Mobile IP: Don’t hate the player, hate the game

Earlier this month a Chinese court issued a ruling against US IP leader InterDigital in their lawsuit with Chinese handset leader Xiaomi. Here is a good rundown of the case from South China Morning Post (owned by Alibaba founder Jack Ma). As that piece makes clear, the ruling itself is fairly remarkable, but we see other clear signs of yet another fight escalating over global handset intellectual property (IP).

Some background. In theory, patents exist to encourage research and innovation. Produce something new and you should be able to benefit from your work without fear of being copied. Over the years, the whole field of IP law has gotten immensely complicated. In mobile phones, IP became especially important because of the existence of mobile standards. All mobile networks operate on a set of standard protocols that handle the way calls move around networks. This allows for someone to make a call in Mountain View and have a reasonable degree of confidence that the mobile subscriber in Mombasa will receive the call. These standards are formalized by a group led by global telecom operators, but crucially much of the work of designing the standards is done by other companies, largely suppliers to the operators. This used to be companies like Nokia and Ericsson who were selling base stations that ran that IP. Then Qualcomm entered the business and their R&D work did a lot to make 3G (and arguably 4G and 5G) possible. Much of the core pieces of the standard were developed in Qualcomm’s labs, and patented by the company. When handset vendors set out to build phones using that standard, Qualcomm “asked” those vendors to pay to use that IP. And Qualcomm was not the only company doing this, InterDigital has long been a very active participant in development of the mobile standards.

At this point, most people have a pretty strong emotional reaction. Many would argue that this is an abuse of the standards process. Those patents should be widely available to all, for the betterment of humanity. Something about this practice sits wrong with a lot of people. For their part, the IP holders make a reasonable argument that their upfront work is what made the standards possible. How can we expect the standards work to progress without someone doing the R&D, and shouldn’t those people have the right to recoup their considerable investment?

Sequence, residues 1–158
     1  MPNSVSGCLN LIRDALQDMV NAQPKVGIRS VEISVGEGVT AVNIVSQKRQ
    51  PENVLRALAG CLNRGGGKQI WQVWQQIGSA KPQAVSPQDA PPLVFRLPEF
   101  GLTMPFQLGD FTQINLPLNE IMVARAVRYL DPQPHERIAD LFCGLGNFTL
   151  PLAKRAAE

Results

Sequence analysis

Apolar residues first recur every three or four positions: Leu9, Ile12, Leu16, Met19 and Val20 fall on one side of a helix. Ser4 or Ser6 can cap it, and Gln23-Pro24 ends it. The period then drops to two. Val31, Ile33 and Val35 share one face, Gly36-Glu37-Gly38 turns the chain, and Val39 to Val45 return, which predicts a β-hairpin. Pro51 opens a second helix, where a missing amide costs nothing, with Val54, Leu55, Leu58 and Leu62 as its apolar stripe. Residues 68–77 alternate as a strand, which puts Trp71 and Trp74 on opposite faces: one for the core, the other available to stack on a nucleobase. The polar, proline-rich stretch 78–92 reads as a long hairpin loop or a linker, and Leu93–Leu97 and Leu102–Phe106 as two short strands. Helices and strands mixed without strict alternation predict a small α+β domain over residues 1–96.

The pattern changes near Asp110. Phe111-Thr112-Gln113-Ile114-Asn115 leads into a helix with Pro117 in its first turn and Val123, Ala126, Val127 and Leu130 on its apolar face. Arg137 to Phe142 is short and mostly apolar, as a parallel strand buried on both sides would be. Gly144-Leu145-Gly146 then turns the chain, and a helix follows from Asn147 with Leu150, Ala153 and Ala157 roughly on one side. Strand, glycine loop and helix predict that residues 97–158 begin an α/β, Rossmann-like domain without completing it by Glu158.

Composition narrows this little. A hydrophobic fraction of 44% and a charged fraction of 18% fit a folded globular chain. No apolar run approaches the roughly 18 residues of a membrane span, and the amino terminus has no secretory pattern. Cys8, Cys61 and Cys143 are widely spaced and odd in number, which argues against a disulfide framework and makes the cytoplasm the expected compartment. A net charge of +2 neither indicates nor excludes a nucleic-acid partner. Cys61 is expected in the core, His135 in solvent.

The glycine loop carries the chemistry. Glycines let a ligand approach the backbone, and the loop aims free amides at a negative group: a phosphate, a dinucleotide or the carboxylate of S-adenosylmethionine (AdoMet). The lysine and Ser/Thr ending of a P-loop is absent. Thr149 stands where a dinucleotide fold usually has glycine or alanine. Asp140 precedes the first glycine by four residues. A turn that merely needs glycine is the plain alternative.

At this point, set aside all emotion on the subject. Pretty much every lawsuit testing this has gone in the favor of the IP holders. These are just the facts on the ground.

Enter China. For decades, a key complaint among US and European companies about Chinese trade practices was the rife IP infringement there, from pirated software to KoKa-Kola soda. Foreign companies trying to chase all of these down had very limited success going after individual actors. Instead, the big US companies, especially in tech, realized that a much better strategy would be to encourage Chinese companies to build their own IP. And then everyone could form common cause in advocating for stronger IP enforcement inside China.

And that is largely what happened. The combination of Internet connected entertainment largely wiped out the pirated DVD/software market. And Chinese companies have become major IP creators and litigants. The Chinese handset vendors, notably Huawei, Xiaomi and Oppo have all become very active in IP markets, both creating their own IP and buying licenses of or acquiring IP developed elsewhere.

But then protectionism and politics entered the mix.

China is trying to build up its technology industry, most notably around semis. Around a decade ago, the government began applying pressure to foreign companies to “level the IP playing field”. This ran the gamut from subsidies incentives for Chinese companies developing IP to forced IP transfer from foreign companies. Many US tech companies were pressured encouraged to set up Joint Ventures (JVs) with Chinese parties if they wanted to do business in China. And while the government never required these companies to transfer IP to the JV, every potential JV partner insisted on such transfers. Every. Single. One. Almost as if they were all following the same set of instructions from someone.